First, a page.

In the original version of this book, the one I delivered to my editor in December 2016, Floyd discovers Ellie in Noelle’s basement when he goes to her house to collect Poppy’s things after killing Noelle in his kitchen. Ellie is close to death but instead of calling an ambulance, Floyd takes her home. He has a dead body in his house. He cannot afford to get the emergency services involved. For a few days he keeps her in his study. He feeds her good food and runs her hot baths and introduces her to Poppy as a niece of his. All the while Floyd is planning to return Ellie to her family. But he needs to be sure first that the police are not looking for Noelle and that no one suspects that he had anything to do with her disappearance. Then finally, after a few days, he agrees to take Ellie home. This is what Floyd (talking to Noelle) describes happening next:
“When I brought Ellie her supper that evening, she was bristling with purpose.
‘I can do it,’ she said. ‘I can go home and I can tell my parents that I ran away and that I’ve been living in a squat. Or a commune. Living rough. Hand to mouth. Moving from place to place. I’ll tell them that I lost my mind. That the stress of my exams made me go mad for a while. I’ll tell them that I’ve been lost and that now I’m found. And I won’t, I swear, I won’t tell them about you or about Poppy. I swear. And I promise.’
This came from her like a stream of consciousness. She clutched her knees as she spoke, her hazel eyes wide with intent, with honesty. I believed her. I absolutely believed her. I said, ‘good. That’s really good. I’ll take you tomorrow. When Poppy’s at school. I’ll take you home. To your mother.’
She cried at the mention of her mother. One of those curdled sobs that gets first sucked in and then expelled, halfway to a burst of laughter.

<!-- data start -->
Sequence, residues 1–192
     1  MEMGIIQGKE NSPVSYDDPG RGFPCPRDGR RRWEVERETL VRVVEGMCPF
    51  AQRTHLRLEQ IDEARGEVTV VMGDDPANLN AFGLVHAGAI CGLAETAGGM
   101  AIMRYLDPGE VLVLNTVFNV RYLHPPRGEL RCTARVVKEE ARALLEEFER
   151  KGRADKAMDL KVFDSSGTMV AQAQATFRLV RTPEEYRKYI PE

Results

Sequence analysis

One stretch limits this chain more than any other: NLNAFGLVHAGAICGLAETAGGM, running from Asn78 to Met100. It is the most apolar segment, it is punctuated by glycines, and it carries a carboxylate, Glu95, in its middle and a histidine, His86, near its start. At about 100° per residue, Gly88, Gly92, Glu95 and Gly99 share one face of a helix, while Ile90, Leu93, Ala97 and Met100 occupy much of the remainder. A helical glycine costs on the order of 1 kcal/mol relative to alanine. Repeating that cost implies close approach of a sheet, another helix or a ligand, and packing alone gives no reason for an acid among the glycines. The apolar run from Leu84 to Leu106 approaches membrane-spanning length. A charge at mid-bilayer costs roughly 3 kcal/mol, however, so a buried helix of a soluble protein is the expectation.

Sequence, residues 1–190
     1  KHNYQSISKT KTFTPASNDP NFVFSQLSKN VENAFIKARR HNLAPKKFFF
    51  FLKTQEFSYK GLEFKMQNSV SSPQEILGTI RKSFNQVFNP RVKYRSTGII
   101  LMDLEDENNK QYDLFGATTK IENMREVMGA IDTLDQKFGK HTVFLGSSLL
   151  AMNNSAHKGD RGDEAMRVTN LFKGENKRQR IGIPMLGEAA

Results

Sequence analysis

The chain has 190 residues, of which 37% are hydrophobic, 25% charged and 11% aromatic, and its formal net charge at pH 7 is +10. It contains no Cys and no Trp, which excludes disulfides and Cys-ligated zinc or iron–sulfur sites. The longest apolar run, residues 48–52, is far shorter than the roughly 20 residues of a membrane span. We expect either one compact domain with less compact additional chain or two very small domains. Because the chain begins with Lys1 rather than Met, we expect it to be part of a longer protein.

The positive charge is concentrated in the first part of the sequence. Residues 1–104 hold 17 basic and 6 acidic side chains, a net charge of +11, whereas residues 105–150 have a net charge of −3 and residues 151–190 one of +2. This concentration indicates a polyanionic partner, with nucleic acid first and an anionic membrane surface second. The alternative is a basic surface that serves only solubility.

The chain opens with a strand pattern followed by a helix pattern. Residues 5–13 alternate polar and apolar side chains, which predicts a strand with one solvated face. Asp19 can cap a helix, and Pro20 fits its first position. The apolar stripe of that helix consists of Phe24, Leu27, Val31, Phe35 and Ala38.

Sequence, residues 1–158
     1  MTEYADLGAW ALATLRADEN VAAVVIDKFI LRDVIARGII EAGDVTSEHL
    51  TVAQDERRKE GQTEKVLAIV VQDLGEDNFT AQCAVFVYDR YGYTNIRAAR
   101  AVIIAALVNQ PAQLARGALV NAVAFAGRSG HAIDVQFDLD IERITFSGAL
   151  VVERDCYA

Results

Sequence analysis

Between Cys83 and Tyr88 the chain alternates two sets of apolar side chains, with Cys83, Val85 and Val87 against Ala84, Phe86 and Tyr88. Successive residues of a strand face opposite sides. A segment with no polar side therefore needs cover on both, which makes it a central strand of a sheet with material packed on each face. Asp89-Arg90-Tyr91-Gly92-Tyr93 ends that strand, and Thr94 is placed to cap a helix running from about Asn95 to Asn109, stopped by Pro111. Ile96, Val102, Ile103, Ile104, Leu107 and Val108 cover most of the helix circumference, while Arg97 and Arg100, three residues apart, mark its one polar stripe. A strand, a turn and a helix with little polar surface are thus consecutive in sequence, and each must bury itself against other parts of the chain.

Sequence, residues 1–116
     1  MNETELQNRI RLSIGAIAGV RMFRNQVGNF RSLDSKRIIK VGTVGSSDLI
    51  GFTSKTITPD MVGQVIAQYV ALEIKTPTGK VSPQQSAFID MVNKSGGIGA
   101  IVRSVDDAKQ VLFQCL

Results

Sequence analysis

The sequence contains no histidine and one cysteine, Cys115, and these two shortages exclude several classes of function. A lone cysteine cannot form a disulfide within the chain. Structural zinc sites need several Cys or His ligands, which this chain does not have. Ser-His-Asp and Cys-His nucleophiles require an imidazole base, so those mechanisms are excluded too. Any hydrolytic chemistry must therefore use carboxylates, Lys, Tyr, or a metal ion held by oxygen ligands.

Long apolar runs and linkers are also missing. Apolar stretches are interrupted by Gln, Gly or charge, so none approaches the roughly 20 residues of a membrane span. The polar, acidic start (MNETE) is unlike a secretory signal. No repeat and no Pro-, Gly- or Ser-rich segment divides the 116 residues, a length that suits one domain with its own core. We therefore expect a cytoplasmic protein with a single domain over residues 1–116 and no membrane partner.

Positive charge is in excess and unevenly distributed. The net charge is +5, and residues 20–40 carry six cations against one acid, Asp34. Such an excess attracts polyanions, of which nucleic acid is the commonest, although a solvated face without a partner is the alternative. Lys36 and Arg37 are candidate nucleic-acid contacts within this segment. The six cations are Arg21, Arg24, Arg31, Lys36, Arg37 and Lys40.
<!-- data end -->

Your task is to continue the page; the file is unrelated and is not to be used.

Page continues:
I cried too. I felt hugely, remarkably emotional at the prospect of taking her back, this poor caged creature. In those moments I wanted it more than anything. I wanted to unlock the doors of my car, reach across her, open her door and softly say, ‘go on then. Go.’ Watch her disappear around the corner. Hear the sound of her mother’s voice, the sobs of joy and disbelief, hear the front door close behind her and know that she had been pulled back into the heart of her family.
I packed her a bag the following day.
I ran her a bath and let her sit at the mirror in my bedroom to arrange her hair. I found an old makeup bag of yours and she applied some mascara, rubbed some colour into her waxy cheeks.
I found a loose green muslin skirt of Kate’s in a bag she’d clearly been intending for the charity shop. It had an elasticated waist. She paired it with another jumper of mine, a soft grey cashmere one. She looked almost pretty. Like a quirky student coming home after her first term at university.
We got to her road. Her suitcase was on the back seat. She sat upright and keen, reminding me of a dog we’d had in Canada, a terrier thing. It used to sleep for whole cross country car journeys and then awake the moment we crossed the line into our suburb, its ears and tail erect, quivering at our approach with its snout at the window.
‘Here,’ she said, pointing at a road opposite. ‘That one, on the left.’
‘This one?’ I said pulling over briefly.
‘Yes. Number thirty five.’
Her voice was full and rich as though she was already being pumped back to full and proper life.
I peered over her shoulder. A road much like mine, lined with semi-detached Victorian villas with gabled roofs, mostly gentrified. A fine place for the mother of my child to reside. It all seemed very neat. Very genteel.
And then my head began to buzz with the enormity of everything.
I looked at Ellie, this person I’d known for barely three days.
And within this stranger was the essence of everything that mattered to me and the potential to take a can of petrol to it, to blow it all to ash and rubble.
Because, Noelle, I don’t think you ever really understood how much I loved Poppy. It was more than love, it was blood and bone, fibre and matter, the beginning and the end. Poppy was my creation, my muse, my angel, my universe. I couldn’t, I simply, simply could not live without her.
The buzzing in my head grew louder and I slapped my hands over my ears, clasped my cheeks.
‘No,’ I heard myself saying in someone else’s voice. ‘No. Not today. Not now.’
I put the car into gear and I drove us both home.
Rivers of tears rolled down Ellie’s cheeks, but she didn’t say a word.”